The following table describes WebSphere MQ terms used in this guide.
|Message queues||Storage areas for messages exchanged between applications.|
|Message queue interface (MQI)||An application programming interface (API) for applications that want to send or receive messages through WebSphere MQ queues.|
|WebSphere MQ client configuration||A WebSphere MQ configuration where the queue manager and message queues are located on a different (remote) system or node than the application software. Client applications connect to the remote queue manager using IBM software that provides the necessary networking software to connect to the remote queue manager.|
|WebSphere MQ server configuration||A WebSphere MQ configuration where the queue manager and message queues are located on the same (local) system or node as the application software. Client applications connect to the local queue manager using MQI.|
|Queue manager||A WebSphere MQ feature that provides the message queuing facilities that applications use. It manages the queue definitions, configuration tables, and message queues. The queue manager also forwards messages from the sender queue to the remote recipient queues.|
|Triggers||A WebSphere MQ feature that enables an application to be started automatically when a message event, such as the arrival of a message, occurs. Triggers can be used to invoke programs or transactions. For example, a trigger could cause an Oracle application to call the gateway to retrieve a WebSphere MQ message and process it.|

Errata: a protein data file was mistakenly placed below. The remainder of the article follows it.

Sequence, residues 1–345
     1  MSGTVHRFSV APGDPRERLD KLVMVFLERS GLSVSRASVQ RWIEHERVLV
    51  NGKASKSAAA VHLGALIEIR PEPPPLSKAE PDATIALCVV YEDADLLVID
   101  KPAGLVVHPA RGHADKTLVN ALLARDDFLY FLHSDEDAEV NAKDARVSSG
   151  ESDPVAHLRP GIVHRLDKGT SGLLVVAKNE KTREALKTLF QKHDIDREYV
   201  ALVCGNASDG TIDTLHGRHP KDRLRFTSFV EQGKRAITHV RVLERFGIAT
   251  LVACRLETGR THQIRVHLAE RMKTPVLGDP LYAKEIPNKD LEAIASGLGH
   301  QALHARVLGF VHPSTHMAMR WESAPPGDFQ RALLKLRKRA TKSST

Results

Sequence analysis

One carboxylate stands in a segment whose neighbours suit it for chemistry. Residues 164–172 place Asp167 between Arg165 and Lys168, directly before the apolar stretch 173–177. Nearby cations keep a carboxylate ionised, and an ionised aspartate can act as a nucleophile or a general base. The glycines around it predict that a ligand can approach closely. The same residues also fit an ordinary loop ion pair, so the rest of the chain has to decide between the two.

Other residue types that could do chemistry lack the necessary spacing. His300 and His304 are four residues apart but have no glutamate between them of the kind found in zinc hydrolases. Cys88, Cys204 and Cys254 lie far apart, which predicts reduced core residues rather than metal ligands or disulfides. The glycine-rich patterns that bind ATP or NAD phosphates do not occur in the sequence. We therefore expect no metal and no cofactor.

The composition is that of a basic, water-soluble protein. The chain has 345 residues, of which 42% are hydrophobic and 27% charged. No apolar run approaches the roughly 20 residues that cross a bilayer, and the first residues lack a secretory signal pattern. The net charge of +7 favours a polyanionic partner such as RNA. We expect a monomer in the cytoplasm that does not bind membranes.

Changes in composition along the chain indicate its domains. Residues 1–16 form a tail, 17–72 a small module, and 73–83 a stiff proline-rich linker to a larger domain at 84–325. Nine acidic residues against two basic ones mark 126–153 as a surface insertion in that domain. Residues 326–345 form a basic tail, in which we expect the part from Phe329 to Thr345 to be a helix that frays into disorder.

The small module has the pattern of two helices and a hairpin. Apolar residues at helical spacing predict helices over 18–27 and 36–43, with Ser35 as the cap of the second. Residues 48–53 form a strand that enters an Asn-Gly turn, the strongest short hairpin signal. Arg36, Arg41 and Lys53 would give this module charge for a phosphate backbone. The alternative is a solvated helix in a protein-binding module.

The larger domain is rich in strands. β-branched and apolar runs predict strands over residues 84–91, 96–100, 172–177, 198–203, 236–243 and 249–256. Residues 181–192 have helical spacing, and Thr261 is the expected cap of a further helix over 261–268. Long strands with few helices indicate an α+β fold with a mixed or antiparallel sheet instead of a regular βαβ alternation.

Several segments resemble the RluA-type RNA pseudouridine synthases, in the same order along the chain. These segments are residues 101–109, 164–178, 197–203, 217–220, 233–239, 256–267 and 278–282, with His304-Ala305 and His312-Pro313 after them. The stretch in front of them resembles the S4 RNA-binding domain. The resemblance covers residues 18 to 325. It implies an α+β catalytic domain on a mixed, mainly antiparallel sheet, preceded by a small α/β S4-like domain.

The Oracle Procedural Gateway for WebSphere MQ enables Oracle applications to integrate with other WebSphere MQ applications. Oracle applications can send messages to other WebSphere MQ applications or receive messages from them. With the gateway, Oracle applications access WebSphere MQ message queues through remote procedure call (RPC) processing.
The gateway extends the RPC facilities that are available with the Oracle server and enables any client application to use PL/SQL to access messages in WebSphere MQ queues. The gateway provides PL/SQL procedures that are translated by the gateway into message queue interface (MQI) calls. These procedures resemble the calls and types of MQI, but they are adapted to take full advantage of the transaction integration with the Oracle integrating server. For more information about these procedures, refer to Appendix A.